My Love Is Your Love
Houston hones her edge on 'Love' hide
NEW YORK -- Movies have kept Whitney Houston so busy for the past eight years, she hasn't really had time for a new studio album.
Of course, it's not as if she's been missing from the charts. The Bodyguard (1992) sold more than 33 million albums worldwide and is the best-selling soundtrack of all time. The Preacher's Wife (1996) is the biggest gospel album in history, and Waiting To Exhale (1995) sold more than 10 million copies.
Still, with all her songs defined by her film roles, it's been quite a while since she made her own musical statement.
On My Love Is Your Love, which hits stores Nov. 17, the five-time Grammy winner sings of life, love and living in the spotlight. She teams not only with long-time collaborators Diane Warren and Kenny "Babyface" Edmonds, but with hot young producers Missy "Misdemeanor" Elliott, Soulshock & Karlin, Wyclef Jean, Rodney Jerkins, and Lauryn Hill as well.
The result is a tougher, funkier, edgier Houston than has been heard in a long time. The album, only her fourth in a 13-year recording career, is the first since 1990's multiplatinum I'm Your Baby Tonight.
"I got a call from my dad in the industry (Arista president Clive Davis, who launched her career in 1985) and he said, 'It's time for you to come back to your job," says Houston, 35. "I said, 'I thought I had one.' But he said, 'No. We want to hear you again. A studio album without a movie to go along with it. We want to hear you sing.'"
To launch the album, Arista hosted an unusual listening party/press conference at Sony Studios, attended by a crush of 500 journalists and sent out internationally via satellite. Davis played the entire album to a de facto captive audience, talking about the making of each of the album's 13 songs and introducing several of the producers in attendance.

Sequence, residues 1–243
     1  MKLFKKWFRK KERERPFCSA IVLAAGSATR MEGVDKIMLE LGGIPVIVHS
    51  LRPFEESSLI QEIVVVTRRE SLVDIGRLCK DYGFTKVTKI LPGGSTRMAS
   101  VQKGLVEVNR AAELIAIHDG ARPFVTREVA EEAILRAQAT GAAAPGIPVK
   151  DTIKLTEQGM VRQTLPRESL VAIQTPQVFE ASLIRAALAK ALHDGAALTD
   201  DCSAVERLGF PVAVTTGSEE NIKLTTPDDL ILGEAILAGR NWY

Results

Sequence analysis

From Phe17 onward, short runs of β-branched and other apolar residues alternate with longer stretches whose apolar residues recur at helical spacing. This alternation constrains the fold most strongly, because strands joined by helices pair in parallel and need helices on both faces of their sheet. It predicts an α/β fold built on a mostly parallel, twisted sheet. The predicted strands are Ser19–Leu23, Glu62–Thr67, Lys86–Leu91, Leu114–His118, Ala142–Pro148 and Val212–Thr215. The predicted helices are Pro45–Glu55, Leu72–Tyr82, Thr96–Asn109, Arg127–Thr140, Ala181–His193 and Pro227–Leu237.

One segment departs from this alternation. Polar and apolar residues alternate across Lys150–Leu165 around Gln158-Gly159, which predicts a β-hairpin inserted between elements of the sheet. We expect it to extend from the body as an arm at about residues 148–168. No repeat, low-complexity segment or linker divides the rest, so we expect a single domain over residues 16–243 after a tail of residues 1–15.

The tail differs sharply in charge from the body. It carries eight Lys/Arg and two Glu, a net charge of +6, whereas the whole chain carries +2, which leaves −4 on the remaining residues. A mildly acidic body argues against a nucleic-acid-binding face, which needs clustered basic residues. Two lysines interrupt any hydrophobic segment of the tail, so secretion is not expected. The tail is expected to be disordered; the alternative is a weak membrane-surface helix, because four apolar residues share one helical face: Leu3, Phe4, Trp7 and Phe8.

He acknowledged that playing the whole album at foreground volume was "a little ballsy, because it invites scrutiny. But we have respect and love and passion for what has come out here ... You can listen to it without cocktail talk or listening to it in the background."
Ironically, the catalyst for the new album was another movie â€” DreamWorks' animated retelling of the Exodus story, The Prince of Egypt. DreamWorks cofounder Jeffrey Katzenberg suggested to Davis that Houston team with Mariah Carey for the inspirational When You Believe, which is heard just before the closing credits in the movie. The Babyface-produced song will appear on not only My Love Is Your Love, but on Carey's greatest hits compilation, 1's, and one of the film's three soundtrack albums. All will be released Nov. 17.
No diva-duo tension
Houston, who also worked with singers Faith Evans and Kelly Price on the album's Heartbreak Hotel, says doing the song with Carey was "a beautiful thing" and that rumors of tension between the two were false.
"We came together to sing, we didn't come together to fight," she says. "Mariah and I never had a rivalry because I didn't know her well enough to have one with her and she didn't know me well enough to have one with me. So when we met, we got to know each other and now we're friends."
Houston's album was also originally planned as a greatest-hits package, but once the producers started lining up, Davis opted to try for something fresh. The only question was whether the singer would be able to finish everything in the six weeks or so available to meet the projected release date.